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MTA Chief Joe Lhota Resigns; Leaves “Part Time Job” for Higher Aspirations

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Joe Lhota leaves the agency’s finances in historically bad shape, and two fare hikes are baked into the cake over the next few years. Photo Credit: Shutterstock

Before Gov. Andrew Cuomo even had a whole week to celebrate his reelection, the spotlight was put back on him and a subject he has tried skirting responsibility for, the Metropolitan Transportation Authority. Chairman Joe Lhota unexpectedly decided to resign, ending his short return to the agency.

Under Lhota, the M.T.A. launched an action plan that is trying to stabilize and then modernize the subways, but it essentially failed. He also put into place Andy Byford to overlook the subways and buses. While progress is being made on paper, the subways still remains in crisis. The buses are slow and unreliable, and regional rail into and out of the city is becoming more of a hassle as well.

Lhota has led the agency during a time when ridership continues to decline. Weekend ridership over the past year is down an abysmal 9 percent or so. Part of the plan to fix the subways includes doing a lot of work on weekends and nights, but Lhota failed to explain this whole process to straphangers and make sure that getting around the work on the weekends wasn’t so confusing that people would simply give up and ride in a taxi. He leaves the agency’s finances in historically bad shape, and two fare hikes are baked into the cake over the next few years.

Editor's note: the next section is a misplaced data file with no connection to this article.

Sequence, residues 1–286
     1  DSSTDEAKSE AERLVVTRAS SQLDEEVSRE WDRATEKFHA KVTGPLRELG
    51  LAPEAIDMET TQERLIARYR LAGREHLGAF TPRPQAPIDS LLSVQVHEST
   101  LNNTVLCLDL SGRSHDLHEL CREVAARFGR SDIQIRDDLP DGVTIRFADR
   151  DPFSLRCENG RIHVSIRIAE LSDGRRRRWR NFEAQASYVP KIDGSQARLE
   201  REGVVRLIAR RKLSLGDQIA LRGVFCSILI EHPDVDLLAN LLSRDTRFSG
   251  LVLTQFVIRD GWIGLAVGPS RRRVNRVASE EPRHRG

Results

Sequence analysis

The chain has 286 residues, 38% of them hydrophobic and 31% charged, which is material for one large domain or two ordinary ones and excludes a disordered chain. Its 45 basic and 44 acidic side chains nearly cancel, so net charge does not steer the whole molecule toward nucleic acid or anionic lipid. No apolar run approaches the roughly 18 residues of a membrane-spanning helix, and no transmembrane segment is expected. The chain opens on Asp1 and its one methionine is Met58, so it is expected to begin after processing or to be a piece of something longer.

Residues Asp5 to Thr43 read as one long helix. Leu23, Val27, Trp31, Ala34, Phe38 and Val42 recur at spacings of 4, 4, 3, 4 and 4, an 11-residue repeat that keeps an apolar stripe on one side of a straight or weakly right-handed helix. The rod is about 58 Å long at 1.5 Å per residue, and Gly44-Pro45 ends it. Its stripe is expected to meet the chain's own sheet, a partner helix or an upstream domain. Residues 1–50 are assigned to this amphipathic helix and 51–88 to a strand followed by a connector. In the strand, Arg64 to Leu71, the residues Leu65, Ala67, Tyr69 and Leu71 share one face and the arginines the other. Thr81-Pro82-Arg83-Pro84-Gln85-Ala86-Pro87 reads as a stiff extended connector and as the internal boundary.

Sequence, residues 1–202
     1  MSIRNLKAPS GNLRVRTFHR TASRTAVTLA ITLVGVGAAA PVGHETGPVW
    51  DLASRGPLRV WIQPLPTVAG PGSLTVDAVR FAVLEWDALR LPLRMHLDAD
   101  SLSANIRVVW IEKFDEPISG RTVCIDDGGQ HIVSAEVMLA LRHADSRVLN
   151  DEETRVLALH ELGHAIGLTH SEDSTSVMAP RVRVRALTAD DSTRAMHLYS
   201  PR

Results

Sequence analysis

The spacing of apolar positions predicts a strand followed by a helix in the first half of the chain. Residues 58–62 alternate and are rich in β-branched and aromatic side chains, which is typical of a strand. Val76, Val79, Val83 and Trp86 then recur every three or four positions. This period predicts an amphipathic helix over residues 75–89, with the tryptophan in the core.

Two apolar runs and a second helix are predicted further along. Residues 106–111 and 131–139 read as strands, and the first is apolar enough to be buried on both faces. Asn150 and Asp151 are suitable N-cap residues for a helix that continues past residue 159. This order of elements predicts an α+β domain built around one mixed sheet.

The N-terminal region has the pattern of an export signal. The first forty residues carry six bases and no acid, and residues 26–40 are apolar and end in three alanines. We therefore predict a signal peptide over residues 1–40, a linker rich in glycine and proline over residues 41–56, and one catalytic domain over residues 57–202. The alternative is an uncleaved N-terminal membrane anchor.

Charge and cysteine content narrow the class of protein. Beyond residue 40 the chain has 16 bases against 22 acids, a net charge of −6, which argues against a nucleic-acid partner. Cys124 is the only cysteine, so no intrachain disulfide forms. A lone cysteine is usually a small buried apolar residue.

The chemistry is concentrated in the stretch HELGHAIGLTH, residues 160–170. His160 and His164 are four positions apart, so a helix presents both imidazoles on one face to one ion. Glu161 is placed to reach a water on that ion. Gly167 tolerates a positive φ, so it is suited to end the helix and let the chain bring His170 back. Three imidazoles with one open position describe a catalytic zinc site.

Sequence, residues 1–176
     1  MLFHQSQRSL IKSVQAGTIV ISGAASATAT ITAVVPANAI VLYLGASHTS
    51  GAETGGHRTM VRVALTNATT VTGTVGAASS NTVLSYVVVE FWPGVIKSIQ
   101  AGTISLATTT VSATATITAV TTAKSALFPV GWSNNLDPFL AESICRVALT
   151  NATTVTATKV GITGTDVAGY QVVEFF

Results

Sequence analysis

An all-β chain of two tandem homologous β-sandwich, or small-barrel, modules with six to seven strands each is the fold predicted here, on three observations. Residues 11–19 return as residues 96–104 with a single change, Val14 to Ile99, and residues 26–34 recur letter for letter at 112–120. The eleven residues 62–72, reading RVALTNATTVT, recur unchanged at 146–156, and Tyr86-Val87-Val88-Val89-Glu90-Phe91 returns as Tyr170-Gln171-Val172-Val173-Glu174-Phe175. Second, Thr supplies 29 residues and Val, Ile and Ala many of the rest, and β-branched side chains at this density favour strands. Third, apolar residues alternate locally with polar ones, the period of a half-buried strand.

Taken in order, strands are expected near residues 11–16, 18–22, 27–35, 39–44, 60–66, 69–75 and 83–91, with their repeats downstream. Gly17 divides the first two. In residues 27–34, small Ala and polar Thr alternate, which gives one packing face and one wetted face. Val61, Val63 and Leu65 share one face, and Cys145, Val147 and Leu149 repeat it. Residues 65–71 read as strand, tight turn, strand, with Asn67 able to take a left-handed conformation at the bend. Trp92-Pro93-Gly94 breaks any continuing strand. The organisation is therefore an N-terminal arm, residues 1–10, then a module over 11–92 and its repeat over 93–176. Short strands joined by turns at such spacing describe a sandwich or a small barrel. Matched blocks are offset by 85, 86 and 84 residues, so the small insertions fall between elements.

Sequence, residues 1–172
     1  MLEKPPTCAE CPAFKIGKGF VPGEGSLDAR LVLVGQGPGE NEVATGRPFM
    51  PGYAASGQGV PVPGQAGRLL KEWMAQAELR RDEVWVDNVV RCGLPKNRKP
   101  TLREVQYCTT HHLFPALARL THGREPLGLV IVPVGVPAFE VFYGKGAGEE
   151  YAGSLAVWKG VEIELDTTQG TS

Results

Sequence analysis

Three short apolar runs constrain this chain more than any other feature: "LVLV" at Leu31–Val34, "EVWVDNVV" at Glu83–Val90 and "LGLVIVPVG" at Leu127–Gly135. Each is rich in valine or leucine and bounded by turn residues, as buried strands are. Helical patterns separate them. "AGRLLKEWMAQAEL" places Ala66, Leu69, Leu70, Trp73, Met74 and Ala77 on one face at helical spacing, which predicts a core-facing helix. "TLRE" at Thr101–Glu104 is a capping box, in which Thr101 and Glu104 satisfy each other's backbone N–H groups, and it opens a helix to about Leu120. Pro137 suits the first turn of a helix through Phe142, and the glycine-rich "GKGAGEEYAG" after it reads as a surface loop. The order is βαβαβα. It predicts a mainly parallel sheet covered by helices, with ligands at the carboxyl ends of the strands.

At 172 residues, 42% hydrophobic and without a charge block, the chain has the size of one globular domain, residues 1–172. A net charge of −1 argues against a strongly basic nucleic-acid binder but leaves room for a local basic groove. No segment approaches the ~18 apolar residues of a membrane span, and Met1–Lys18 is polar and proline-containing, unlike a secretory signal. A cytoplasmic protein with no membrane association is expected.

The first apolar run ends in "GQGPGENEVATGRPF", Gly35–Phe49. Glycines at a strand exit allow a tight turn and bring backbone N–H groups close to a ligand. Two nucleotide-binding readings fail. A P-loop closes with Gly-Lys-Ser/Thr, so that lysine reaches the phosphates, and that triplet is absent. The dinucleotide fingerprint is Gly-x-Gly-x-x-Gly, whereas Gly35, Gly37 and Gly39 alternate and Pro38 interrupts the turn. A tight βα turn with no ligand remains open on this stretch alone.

The acting chairman will be Fernando Ferrer, the M.T.A. board’s vice chairman and former Bronx borough president, The Daily News reports.

The system is slightly improving as the investments start paying off from hundreds of millions of dollars, The New York Times reports. There are still major problems, and most of these wouldn’t be seriously addressed until the next phase of the action plan when the subway system would be modernized. Updating signal systems and making other necessary upgrades, including the purchase of new rolling stock and maintaining/expanding rail yards, could demand over $40 billion.

“There is still a long way to go to achieve the performance that New Yorkers demand and deserve,” Gov. Cuomo said.

Critics also took issue with Lhota for acting as chairman only part-time and for his conflicts of interest, The Daily News reports. One of the most controversial conflicts of interest came from him getting paid six figures to be on the board of Madison Square Garden, which could have interfered with Lhota’s ability to fairly assess decisions being made to the arena and Penn Station, which is used by the subways and Long Island Railroad.

Riders continue to want improvements as they haven’t noticed many positive changes despite what the M.T.A. says.

Leah St. Clair, 21, took issue with the aging fleet of the subway.

“Sometimes, you can’t hear the conductor on the older trains,” St. Clair, said. She comes into the city from Long Island. The regional railroads operated under the M.T.A. replace their rolling stock more frequently than the subways do but can still run into aging equipment issues that never get fixed or replaced.

“I’m tired of these old trains. I’m tired of these delays. I’m tired of everything,” Nekeis Guity, of Castle Hill, the Bronx said.

By: Michael Eric Rosenthal

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